Anxiety is a normal human process when faced with stressful situations. Use performance anxiety at work as fuel to organise your projects ahead of time, prepare for meetings, and get everything done. Don’t fear it. Anxiety is your friend not a foe, listen to it.

Put Your Focus in The Right Place

Although easier said than done sometimes, try not to focus on what others think, especially how you may be judged. Focus on the task at hand and doing it to the best of your ability.

Talk it Out

Anxious about a colleague relationship, talk with them about it. Nervous about your work performance, talk to your boss about it, unless they’re causing it, then you should still probably talk to them.

Or if the anxiety has got to the point of burnout or depression, then consider talking to a psychologist or other mental health professional about it. It can do wonders for getting to the route of your anxiety.

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Chapter 3:
Managing Stress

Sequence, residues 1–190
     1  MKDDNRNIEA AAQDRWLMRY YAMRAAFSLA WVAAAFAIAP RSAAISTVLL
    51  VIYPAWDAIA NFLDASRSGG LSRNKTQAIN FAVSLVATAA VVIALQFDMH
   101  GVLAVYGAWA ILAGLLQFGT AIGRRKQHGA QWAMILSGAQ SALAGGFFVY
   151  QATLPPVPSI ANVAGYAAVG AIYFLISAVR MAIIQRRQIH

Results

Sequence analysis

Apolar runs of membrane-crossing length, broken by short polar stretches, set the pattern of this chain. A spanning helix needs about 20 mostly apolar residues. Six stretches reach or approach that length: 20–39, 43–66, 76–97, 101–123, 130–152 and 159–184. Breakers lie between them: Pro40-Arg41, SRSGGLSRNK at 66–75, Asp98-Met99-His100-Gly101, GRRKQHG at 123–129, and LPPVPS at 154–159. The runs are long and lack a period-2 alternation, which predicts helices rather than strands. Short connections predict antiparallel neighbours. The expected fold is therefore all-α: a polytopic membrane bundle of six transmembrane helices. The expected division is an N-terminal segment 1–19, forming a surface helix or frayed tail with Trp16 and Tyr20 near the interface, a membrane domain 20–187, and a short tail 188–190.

The term managing your stress doesn’t feel quite right but instead releasing that stress. Stress can feel like a mental rabbit hole of thoughts, festering on what we need to get done, what we’ve done wrong, and getting that deadline finished. You’ll find hundreds of stress remedies, from running baths, self-care routines, etc. But what does science tell us about what actually reduces our stress? It usually starts with exercise, yoga, meditation, walks in nature, vacations, and helping others. But, each individual is different. Every person has a unique reason for the stress too. If you’re pushing yourself too hard, perhaps a run isn’t the right thing for you, but booking yourself a massage instead. If you’re feeling low in motivation, perhaps you need to start taking small steps to build good routines. Maybe your stress comes from overthinking and festering, then maybe the gym and nature walks are for you. Deep down, you know what you need, so start asking what you can do for yourself, to reduce the stress – and if that fails, then taking a holiday is backed by science! We can give you a kind of coaching for improved work performance template, but the rest is up to you. Don’t sweat it too much. We all go through periods when we feel like we could take over the office and many days’ when anxiety pops up. The best coaching for work performance advice we can give is to be kind to yourself. Try to figure out what the stress is telling you. Is it telling you that you need time off, that you’re about to do something exciting for the future? Is it telling you that you need to start an open discussion with colleagues or bosses about your workload or hours? Anxiety isn’t a threat. It’s a chance for you to understand yourself and treat yourself better. You’ve got this; you always did.